THEIR STORIES. OUR LEGACY.
woman physician in Wisconsin.
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LAURA ROSS WOLCOTT
Ruth Harman Walraven was a trailblazing female pilot in the mid-20th century.
“I’m crazy about it,” Walraven said in a 1931 interview when asked how she felt about flying. She became hooked on aviation while she was still in high school, after a single ride in an airplane. The aspiring pilot worked after graduation to pay for flying lessons and earned her pilot certificate in 1932, shortly before her 20th birthday. She learned aerobatics and, billed as the “Girl Flyer,” performed her flying routine at air shows across the state.
By 1936, Walraven had earned both a commercial pilot license and a flight instructor certificate. She became the first woman to manage an airport in Wisconsin when she bought the Kenosha airport from the city in 1940. During World War II, Walraven was one of only fifty female instructors nationwide — and the only one in Wisconsin — to train Navy cadets in the Civilian Pilot Training Program. She owned the Kenosha airport until 1950, when her family relocated to California.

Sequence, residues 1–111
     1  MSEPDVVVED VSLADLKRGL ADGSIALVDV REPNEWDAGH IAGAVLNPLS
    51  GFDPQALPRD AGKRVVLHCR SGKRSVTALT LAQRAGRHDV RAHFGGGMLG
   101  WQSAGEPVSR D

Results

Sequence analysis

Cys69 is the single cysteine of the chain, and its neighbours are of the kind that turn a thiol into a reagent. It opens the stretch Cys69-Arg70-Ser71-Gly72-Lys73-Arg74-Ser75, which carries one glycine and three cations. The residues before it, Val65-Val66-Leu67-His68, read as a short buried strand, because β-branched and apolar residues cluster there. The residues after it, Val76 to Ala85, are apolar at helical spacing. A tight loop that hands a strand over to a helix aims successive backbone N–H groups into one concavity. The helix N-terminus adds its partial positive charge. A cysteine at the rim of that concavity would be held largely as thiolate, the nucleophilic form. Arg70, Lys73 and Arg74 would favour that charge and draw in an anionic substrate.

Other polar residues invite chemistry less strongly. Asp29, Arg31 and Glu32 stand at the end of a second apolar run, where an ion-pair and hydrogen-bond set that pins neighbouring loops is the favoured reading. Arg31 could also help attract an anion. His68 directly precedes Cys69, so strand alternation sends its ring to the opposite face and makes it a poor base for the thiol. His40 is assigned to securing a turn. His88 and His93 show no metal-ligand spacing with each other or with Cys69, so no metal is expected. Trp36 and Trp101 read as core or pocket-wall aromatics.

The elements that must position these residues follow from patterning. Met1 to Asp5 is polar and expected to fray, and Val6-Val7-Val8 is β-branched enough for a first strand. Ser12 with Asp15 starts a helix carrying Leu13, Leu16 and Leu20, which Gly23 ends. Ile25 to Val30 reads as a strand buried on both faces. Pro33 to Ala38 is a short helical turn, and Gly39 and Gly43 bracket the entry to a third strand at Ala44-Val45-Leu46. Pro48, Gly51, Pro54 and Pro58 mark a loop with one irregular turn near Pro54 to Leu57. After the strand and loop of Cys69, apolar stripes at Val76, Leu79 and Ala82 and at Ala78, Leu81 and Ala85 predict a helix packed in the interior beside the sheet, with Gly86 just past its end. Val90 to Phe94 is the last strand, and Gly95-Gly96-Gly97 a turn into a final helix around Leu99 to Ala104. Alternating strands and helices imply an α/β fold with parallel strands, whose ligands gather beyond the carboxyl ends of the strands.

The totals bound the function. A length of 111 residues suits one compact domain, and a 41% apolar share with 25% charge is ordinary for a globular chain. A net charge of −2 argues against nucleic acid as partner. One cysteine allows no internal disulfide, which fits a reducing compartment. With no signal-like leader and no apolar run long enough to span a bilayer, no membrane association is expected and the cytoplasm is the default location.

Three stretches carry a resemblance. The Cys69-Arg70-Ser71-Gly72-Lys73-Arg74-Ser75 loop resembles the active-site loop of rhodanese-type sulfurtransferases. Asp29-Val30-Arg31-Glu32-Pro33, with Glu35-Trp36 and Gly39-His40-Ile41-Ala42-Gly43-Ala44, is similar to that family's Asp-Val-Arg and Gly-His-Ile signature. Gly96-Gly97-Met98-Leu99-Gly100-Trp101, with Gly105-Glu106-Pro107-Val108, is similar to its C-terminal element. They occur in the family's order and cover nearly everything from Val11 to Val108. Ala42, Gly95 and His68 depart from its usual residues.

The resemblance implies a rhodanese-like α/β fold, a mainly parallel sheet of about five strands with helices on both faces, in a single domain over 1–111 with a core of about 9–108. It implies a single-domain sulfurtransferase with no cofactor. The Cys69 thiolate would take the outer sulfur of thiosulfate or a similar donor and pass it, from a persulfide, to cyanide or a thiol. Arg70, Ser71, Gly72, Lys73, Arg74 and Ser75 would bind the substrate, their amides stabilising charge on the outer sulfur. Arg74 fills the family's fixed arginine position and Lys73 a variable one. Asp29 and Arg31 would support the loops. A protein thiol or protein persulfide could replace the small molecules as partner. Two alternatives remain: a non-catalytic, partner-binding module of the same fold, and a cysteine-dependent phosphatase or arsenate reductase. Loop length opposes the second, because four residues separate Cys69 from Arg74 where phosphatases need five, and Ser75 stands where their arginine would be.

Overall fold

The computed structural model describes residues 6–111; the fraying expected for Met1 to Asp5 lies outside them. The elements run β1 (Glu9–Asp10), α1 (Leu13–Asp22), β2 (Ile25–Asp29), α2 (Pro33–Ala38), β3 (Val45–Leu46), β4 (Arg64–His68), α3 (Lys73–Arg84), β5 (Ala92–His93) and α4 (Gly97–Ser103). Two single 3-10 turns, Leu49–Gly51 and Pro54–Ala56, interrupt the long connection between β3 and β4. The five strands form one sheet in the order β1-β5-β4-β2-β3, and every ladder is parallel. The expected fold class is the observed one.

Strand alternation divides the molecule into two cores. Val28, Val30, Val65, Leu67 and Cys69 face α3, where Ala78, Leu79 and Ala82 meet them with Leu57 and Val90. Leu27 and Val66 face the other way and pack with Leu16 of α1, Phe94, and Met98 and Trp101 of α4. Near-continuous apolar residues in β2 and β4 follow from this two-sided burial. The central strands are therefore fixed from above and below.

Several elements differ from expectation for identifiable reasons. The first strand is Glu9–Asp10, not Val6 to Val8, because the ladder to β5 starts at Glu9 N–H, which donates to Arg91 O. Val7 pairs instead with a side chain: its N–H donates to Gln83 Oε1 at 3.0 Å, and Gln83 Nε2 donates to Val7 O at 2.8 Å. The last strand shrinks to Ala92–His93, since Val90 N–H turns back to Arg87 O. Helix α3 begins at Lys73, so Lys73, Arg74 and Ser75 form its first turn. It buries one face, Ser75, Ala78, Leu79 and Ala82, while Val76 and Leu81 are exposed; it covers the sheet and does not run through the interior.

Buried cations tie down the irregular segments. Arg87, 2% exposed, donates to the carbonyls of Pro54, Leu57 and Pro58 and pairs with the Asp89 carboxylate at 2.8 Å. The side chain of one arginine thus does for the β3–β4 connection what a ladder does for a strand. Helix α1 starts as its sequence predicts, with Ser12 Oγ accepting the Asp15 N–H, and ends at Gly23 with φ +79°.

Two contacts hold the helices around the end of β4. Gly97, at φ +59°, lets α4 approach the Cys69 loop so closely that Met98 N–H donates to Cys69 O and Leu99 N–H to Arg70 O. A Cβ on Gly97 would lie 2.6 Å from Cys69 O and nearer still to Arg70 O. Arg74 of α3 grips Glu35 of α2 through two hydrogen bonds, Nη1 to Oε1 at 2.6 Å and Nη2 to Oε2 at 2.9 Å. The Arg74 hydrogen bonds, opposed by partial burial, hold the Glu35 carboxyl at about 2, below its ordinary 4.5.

1901-1950, Alphabetical, Military, Science & Technology, Kenosha, World War II, first, pilot
“Hall of Fame Inductee: Ruth Harman Walravan.” Wisconsin Aviation Hall of Fame. http://www.wisconsinaviationhalloffame.org/inductees/harman_walraven.htm.
Harris, Michael. “Kenosha Airport Is Small; Couple Finds It Profitable.” THE MILWAUKEE JOURNAL, December 30, 1946.